SPORTS
September 19, 1990
A chronology of events in baseball's collusion cases:* Feb. 3, 1986 -- The Major League Baseball Players Association filed the first collusion grievance, charging owners acted in concert in a boycott of free agents after the 1985 season.* Feb. 20, 1987 -- The union filed a second grievance, charging the boycott extended beyond the 1986 season.* Sept. 21, 1987 -- Arbitrator Thomas Roberts ruled that teams conspired to "destroy" free agency after the 1985 season.* Jan. 19, 1988 -- The union filed a third grievance, charging the boycott continued in part after the 1987 season and that management's Player Relations Committee operated a free agent "information bank" in violation of the collective-bargaining agreement.
NEWS
By NEW YORK TIMES NEWS SERVICE | April 18, 2003
LONDON - Officers from British Army intelligence and the Royal Ulster Constabulary in Northern Ireland helped Protestant guerrillas kill Roman Catholics in the late 1980s, a report by Britain's senior police official said yesterday. Sir John Stevens, commissioner of London's Metropolitan Police, said his 14-year investigation into the explosive allegations of official collusion had found that members of the army's covert Force Research Unit, which handled informants, and the police Special Branch espionage arm "were allowed to operate without effective control and to participate in terrorist crimes."
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By BILL ORDINE | March 21, 2008
Earlier this week, the Major League Baseball Players Association said it would look into whether there is collusion involved in Barry Bonds not being signed by a big league team so far this year. He has been in search of a new team since being released by San Francisco. Understand that union head Don Fehr isn't exactly breathing fire on this one. In fact, he's speaking kind of gingerly, saying that he's not making any accusations.
SPORTS
By BILL ORDINE | March 21, 2008
Earlier this week, the Major League Baseball Players Association said it would look into whether there is collusion involved in Barry Bonds not being signed by a big league team so far this year. He has been in search of a new team since being released by San Francisco. Understand that union head Don Fehr isn't exactly breathing fire on this one. In fact, he's speaking kind of gingerly, saying that he's not making any accusations.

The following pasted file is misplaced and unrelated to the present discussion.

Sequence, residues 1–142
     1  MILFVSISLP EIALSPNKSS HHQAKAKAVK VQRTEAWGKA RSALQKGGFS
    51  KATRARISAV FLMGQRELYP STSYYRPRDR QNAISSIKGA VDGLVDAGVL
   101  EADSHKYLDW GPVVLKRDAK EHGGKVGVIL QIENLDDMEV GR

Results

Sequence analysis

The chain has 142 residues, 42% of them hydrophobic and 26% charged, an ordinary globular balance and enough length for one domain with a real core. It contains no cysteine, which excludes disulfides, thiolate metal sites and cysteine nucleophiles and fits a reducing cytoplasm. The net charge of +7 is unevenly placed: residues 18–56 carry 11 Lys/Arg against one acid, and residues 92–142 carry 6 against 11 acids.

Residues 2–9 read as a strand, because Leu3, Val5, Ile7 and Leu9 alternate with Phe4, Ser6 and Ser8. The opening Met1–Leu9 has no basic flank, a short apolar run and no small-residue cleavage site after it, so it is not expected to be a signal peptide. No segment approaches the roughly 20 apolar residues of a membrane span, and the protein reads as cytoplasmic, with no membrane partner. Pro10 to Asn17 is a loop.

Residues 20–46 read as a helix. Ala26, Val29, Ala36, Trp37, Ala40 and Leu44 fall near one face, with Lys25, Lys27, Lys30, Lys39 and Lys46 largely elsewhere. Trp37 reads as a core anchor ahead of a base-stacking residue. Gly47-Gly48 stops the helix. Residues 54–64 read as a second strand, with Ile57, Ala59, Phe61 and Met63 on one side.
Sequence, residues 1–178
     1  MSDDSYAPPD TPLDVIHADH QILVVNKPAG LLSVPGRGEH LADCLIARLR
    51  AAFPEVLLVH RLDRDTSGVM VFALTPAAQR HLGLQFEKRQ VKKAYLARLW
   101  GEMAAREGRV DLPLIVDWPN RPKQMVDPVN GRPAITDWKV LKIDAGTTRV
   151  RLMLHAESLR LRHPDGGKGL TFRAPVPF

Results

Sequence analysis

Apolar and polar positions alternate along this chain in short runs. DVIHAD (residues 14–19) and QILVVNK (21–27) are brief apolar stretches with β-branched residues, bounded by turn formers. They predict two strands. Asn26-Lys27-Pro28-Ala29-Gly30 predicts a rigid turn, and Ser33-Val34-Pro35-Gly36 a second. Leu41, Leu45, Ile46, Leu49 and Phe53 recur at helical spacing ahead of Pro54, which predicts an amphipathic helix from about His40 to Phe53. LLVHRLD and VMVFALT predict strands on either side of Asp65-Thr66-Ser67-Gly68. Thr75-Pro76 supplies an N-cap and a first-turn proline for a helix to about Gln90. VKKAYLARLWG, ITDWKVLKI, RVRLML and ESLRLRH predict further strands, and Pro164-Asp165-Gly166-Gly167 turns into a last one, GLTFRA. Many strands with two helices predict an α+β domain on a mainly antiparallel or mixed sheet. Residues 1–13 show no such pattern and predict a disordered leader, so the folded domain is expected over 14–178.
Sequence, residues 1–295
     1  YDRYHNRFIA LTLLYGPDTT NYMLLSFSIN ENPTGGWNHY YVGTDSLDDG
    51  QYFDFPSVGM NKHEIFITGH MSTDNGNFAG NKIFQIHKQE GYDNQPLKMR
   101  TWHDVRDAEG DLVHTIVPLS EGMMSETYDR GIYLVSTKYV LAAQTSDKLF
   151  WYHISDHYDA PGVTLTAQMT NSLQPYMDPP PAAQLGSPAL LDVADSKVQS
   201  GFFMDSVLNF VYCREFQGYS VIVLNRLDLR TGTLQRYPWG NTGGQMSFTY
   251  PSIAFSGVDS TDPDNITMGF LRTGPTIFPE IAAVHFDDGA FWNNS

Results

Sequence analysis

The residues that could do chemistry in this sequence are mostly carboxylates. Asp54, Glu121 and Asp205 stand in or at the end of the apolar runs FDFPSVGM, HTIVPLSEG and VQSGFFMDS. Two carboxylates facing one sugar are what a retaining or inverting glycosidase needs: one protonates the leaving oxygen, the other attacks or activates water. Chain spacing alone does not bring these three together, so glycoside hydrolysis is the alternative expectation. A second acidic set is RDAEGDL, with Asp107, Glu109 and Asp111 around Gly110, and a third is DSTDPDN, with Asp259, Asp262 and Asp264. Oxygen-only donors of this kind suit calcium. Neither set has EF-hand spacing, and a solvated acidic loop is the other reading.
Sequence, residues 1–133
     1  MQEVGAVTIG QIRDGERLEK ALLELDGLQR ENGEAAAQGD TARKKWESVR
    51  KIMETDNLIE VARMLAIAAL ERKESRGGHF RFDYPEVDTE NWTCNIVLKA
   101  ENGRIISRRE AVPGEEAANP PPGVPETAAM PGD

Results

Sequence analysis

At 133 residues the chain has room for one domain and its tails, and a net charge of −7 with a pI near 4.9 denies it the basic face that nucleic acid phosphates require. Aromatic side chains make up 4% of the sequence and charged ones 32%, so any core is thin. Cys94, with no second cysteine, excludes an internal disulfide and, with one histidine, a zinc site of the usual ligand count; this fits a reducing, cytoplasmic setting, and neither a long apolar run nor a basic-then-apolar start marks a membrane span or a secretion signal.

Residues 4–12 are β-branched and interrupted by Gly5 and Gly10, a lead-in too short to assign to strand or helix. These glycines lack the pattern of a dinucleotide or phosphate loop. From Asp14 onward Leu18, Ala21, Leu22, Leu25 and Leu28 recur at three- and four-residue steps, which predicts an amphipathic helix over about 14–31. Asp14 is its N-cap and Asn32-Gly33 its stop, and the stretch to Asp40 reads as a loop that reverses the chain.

NEWS
October 12, 2007
Step by step, the freedoms, the accountability and the confidence in justice that Americans used to take for granted are being shorn away, and that "What next?" feeling leads too often to shrugged shoulders rather than real outrage. This week, the Supreme Court colluded with the administration to give the government legal immunity even when it abducts and tortures innocent people. All the government lawyers have to do is utter the magic phrase "state secrets" and apparently even the most appalling cases of misconduct can be granted a free pass, and draped in a cloak of darkness.
SPORTS
By LOS ANGELES TIMES | October 31, 2003
LOS ANGELES - As Vladimir Guerrero, Miguel Tejada, Gary Sheffield, Andy Pettitte and several other high-caliber players prepare to test baseball's free-agent market, the players' union is considering filing a grievance through the industry's legal channels that would charge owners with acting in collusion to fix salaries during last winter's slow signing season. Donald Fehr, the union's executive director, would not comment. Sources close to the situation said Wednesday they did not know whether the union would officially act on its conviction that owners violated the bargaining agreement last winter or would simply use the threat of a grievance as warning against collusive activity this winter.
NEWS
By NEW YORK TIMES NEWS SERVICE | April 18, 2003
LONDON - Officers from British Army intelligence and the Royal Ulster Constabulary in Northern Ireland helped Protestant guerrillas kill Roman Catholics in the late 1980s, a report by Britain's senior police official said yesterday. Sir John Stevens, commissioner of London's Metropolitan Police, said his 14-year investigation into the explosive allegations of official collusion had found that members of the army's covert Force Research Unit, which handled informants, and the police Special Branch espionage arm "were allowed to operate without effective control and to participate in terrorist crimes."